Negligence per se in personal injury lawsuits can be brought as a distinct claim (called a "cause of action" in legalese) or it may fall under the umbrella of "regular" personal injury litigation. Different jurisdictions treat negligence per se in different ways, but utilizing it generally requires violation of a specific law. Read on to learn more about negligence per se and how it might come into play in a personal injury lawsuit.
Negligence per se is defined as an act that is negligent because it violates a law that has been designed to protect the public. Some common examples of laws that, if violated, can result in a negligence per se claim are speed limits, building codes, and blood alcohol content limits for drivers. Negligence per se more or less eliminates the "duty" and "breach" aspects of a negligence claim.
In other words, there is no need to demonstrate how the defendant's conduct was careless if you are relying on negligence per se.
In a car accident case, for example, that means you don't need to show how the other driver fell short of the appropriate duty of care. Either the law was violated or it wasn't. If the law was violated, the discussion moves to whether the violation was the proximate cause of damages.
In the car accident context, negligence per se would involve such offenses as driving under the influence, reckless driving, running a traffic light or stop sign, or speeding.
There are numerous other examples, all dependent upon state and federal law.
Proving negligence per se claim in a personal injury case usually means the plaintiff -- along with his or her attorney, if retained -- needs to establish the following:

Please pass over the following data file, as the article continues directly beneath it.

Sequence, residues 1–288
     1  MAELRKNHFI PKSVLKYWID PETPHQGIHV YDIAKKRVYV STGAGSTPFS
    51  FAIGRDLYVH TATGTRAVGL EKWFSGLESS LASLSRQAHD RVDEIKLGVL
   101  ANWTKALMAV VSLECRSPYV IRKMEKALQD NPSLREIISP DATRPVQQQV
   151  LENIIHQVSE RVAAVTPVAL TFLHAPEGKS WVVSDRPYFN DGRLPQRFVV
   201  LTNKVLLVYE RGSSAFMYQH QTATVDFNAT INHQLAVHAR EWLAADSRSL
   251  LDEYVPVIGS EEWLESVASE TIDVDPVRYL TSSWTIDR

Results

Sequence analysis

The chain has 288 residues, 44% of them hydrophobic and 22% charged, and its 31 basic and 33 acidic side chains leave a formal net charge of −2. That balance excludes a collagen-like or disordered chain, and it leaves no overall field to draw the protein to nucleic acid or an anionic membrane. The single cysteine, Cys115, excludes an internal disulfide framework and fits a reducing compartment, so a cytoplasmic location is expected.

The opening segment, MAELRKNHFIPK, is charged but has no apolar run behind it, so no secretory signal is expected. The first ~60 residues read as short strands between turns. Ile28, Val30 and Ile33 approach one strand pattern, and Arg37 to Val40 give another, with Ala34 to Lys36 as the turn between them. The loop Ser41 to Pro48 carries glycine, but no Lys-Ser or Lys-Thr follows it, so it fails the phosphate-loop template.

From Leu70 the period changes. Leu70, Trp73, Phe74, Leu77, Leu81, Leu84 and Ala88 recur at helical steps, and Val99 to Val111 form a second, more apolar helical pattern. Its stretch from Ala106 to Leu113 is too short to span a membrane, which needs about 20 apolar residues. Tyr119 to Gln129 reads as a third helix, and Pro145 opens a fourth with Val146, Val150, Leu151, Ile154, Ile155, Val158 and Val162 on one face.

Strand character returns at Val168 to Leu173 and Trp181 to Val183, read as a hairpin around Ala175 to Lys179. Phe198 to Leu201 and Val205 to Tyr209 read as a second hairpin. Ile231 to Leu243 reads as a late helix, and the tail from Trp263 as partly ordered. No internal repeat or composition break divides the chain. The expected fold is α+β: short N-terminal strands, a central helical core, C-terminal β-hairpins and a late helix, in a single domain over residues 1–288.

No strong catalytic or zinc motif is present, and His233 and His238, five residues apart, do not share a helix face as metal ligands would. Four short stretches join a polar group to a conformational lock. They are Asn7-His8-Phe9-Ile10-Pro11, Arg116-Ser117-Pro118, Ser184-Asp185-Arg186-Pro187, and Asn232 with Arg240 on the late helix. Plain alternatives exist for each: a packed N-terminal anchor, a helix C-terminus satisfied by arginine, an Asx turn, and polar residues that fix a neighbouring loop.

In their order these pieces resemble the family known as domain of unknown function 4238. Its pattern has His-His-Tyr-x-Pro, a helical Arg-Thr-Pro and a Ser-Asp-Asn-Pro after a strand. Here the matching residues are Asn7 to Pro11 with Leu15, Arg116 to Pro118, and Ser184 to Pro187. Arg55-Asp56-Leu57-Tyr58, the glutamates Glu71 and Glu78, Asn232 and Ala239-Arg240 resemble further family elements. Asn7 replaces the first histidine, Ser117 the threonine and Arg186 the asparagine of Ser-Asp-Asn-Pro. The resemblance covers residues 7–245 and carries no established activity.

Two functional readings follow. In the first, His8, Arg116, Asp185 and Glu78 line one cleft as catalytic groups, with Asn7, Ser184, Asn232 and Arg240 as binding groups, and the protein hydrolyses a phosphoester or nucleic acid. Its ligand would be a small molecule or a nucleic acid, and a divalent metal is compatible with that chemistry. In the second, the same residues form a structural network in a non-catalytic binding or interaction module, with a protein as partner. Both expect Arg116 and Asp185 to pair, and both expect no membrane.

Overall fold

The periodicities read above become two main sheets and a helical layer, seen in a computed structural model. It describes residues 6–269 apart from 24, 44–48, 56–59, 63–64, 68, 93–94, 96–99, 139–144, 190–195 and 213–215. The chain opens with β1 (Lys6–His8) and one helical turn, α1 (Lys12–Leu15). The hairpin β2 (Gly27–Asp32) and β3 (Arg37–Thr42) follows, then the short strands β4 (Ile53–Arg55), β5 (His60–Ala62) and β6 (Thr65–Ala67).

Proving the law was violated is usually relatively easy. If a builder fails to abide by building codes, there isn’t much question regarding the first point.
Part and parcel with proving the violation is discerning the intent of the law. Most laws providing for a negligence per se claim are clear in their intent. They are designed to prevent bodily injury, and that intent is usually stated within the text of the law itself.
The class of people the laws are designed to protect is more often than not the public at large. If an ER doctor refuses to provide emergency care in the ER, he or she has violated federal law. The intent of the law is to prevent the injury or death of a member of the public due to lack of insurance or ability to pay for care. The ER doctor has committed negligence per se and could be sued for medical malpractice.
Negligence per se in a personal injury case is not rare, but it’s not nearly as common as run-of-the-mill common law negligence. If you believe you were injured as a result of someone breaking a law, you may have a good negligence per se case – making a personal injury claim that much easier to win. Your best next step might be to contact an experienced personal injury attorney to discuss your case and your legal options.